Just because Human Highlights is over doesn’t mean Human Moments cease.
Take Wednesday night, for instance. Earlier in the day I’d bought two butterfly bushes and three hummingbird plants. I planned on putting them in the front “yard” area (it’s a hill with some grass and trees, but mostly mulch and perennials).
Mulch = weed barrier.
Weed barrier = total pain in the planting ass = process takes longer than usual = I want to dig in (literally!) and get it done.
We finished supper and, though twilight was settling, went outside. Miller got busy playing with sticks and dirt; I took the opportunity to grab scissors and the spade to get some plants in the ground.
The first plant went in easily; I’m getting better at cutting the weed barrier. Plus, the ground was soft enough that I could properly dig a hole rather than hacking at it like a chunk of ice. By the time I’d finished, twilight became dusk.
For plant two, I asked Mark to come over and give me a little light with his cell phone. (Do people even say “cell phone” any more? Should I just say phone? Have we gotten to a technological point where “cell” is automatically implied? I think that answer is yes.)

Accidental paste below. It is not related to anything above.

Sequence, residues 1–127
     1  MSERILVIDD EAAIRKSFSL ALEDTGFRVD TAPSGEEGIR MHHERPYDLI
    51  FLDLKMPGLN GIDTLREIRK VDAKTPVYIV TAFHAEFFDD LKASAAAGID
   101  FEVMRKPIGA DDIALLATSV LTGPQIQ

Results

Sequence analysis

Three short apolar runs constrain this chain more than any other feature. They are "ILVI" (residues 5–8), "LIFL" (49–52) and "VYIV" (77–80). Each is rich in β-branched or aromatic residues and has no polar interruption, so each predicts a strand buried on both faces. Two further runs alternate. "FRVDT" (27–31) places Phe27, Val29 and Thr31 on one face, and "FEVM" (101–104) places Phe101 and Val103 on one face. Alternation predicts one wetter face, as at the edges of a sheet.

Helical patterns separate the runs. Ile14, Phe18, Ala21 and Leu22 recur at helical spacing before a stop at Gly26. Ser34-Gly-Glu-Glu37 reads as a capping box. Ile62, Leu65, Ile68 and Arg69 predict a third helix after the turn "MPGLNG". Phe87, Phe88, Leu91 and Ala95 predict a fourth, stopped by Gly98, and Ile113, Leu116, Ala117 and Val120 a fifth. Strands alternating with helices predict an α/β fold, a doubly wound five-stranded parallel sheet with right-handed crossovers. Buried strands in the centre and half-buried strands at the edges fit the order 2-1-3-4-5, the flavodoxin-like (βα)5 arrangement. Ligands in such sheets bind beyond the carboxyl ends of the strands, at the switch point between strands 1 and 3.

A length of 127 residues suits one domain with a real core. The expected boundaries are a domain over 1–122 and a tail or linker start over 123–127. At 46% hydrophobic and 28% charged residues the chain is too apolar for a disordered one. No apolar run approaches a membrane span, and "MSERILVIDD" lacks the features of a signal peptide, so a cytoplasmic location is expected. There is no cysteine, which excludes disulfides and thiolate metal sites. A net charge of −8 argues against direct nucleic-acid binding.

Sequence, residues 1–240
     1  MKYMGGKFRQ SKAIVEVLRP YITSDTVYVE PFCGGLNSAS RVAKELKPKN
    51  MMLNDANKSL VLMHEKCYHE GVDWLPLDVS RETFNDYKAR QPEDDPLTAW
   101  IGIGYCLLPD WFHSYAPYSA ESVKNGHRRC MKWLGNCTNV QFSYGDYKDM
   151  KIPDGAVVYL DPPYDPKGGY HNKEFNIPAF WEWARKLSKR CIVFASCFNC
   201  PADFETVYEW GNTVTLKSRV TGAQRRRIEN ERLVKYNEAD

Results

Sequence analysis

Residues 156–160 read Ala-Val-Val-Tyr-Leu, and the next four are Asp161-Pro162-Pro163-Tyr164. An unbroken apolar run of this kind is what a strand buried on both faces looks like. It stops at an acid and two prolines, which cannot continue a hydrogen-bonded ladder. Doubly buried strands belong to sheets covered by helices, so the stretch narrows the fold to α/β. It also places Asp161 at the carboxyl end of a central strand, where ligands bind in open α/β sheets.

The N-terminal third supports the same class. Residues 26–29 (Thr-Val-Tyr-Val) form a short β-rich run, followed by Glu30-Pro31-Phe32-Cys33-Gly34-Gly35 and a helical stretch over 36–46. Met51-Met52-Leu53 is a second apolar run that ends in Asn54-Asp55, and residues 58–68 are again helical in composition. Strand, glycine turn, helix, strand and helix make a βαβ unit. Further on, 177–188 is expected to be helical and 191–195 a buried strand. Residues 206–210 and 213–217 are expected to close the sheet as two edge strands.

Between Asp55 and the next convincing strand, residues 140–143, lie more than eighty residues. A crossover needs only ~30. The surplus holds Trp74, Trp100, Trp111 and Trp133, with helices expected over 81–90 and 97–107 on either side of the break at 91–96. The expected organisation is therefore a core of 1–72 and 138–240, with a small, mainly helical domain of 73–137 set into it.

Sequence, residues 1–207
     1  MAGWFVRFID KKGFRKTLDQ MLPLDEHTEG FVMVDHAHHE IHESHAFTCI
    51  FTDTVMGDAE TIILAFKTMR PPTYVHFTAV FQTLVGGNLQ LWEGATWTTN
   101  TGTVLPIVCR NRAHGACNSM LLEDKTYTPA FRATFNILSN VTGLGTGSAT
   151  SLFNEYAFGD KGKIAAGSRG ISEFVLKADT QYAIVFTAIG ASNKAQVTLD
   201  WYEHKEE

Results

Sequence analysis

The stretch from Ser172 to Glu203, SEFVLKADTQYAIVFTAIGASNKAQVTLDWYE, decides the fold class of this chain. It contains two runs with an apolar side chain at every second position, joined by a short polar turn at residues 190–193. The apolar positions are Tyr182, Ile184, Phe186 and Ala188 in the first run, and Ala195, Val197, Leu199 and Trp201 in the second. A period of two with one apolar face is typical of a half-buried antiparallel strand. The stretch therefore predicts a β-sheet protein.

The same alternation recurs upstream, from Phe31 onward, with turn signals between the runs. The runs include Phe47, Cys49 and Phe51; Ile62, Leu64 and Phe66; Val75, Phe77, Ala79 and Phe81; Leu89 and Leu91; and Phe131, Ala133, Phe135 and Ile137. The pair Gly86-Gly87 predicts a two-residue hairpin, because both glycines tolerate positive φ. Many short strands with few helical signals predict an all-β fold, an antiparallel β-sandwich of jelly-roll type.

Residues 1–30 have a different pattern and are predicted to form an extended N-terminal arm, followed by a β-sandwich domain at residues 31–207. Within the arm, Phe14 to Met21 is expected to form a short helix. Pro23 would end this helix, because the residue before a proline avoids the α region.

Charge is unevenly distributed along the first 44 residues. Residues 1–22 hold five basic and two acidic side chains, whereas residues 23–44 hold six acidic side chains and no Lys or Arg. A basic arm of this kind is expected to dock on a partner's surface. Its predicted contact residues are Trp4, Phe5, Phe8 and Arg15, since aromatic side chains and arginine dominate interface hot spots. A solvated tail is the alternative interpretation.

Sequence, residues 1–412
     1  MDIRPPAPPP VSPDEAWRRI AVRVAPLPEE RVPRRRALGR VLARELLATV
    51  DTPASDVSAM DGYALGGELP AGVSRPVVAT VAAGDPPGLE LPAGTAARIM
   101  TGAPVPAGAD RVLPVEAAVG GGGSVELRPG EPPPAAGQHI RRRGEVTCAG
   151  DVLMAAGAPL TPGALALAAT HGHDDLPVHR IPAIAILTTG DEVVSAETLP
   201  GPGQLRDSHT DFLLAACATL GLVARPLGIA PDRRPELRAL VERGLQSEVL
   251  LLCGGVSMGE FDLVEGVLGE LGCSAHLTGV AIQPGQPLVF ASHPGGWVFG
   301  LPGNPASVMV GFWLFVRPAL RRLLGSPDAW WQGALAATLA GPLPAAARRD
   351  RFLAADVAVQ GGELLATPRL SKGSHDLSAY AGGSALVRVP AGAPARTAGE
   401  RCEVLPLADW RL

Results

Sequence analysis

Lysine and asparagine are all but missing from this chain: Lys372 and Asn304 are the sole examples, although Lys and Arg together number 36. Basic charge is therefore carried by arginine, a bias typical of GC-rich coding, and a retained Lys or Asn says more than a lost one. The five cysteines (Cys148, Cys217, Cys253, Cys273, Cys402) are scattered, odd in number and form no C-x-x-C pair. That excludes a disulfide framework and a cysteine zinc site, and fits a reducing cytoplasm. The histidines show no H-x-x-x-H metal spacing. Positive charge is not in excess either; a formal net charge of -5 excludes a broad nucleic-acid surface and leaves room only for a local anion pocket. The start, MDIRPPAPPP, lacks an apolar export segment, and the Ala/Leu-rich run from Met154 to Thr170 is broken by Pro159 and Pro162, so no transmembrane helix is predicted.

Anyway, I shoveled out the mulch revealing the weed barrier.
“What’s that?” asked Mark of the cyndrillical thing hovering just above ground.
“Tree root. Go get the loppers for me.”
When he returned, I cut off one end, pulled for as far as I could to get as much out of the ground – about two-and-a-half feet worth – and snipped the other.
“Wow, those must be sharp. It cut that easily,” he observed.
“Yep, it’s a good pair,” I said.
He’s right. The root did cut easily. A little too easily.
I picked up the section of root and waved it around showing Miller. It bent a little as I twirled it. That’s odd. So intent on the task at hand, alarms didn’t sound nor did red flags raise; I kept right on working by the light of Mark’s
The next morning, determined to finish the job, Miller and I went back outside after breakfast. I planted the remaining three flowers quickly. As I watered them, I passed by the “tree root”.
That looks like a hose.
That’s part of the irrigation line.
You cut the $@#$^&#! irrigation line!
I may have panicked a bit.
Jumping to worst-case scenario, I imagined jackhammers tearing out part of the concrete drive in order to access the entire line. Once replaced, we’d be hiring concrete professionals to re-pour that section of drive.
Within a matter of seconds, I’d already wracked up thousands of dollars all because I insisted on planting flowers in the dark.
No way am I calling Mark about this. Not unless I absolutely have to. Nope nope. Head in the game, Jamie. Plumbers can replace sections of pipe. Maybe the line can be reattached…
Fortunately, the irrigation guy got to the house an hour later.
Fortunately, I still had the piece of line.
Fortunately, he was able to patch it. Patch it! Not replace it!
Fortunately, it only cost twenty dollars. Twenty Dollars!!!
And, fortunately, Mark is none the wiser. Well, until he reads this post.
I love you Mark. 🙂
People. Save some time. Save some panic.
Don’t plant flowers in the dark.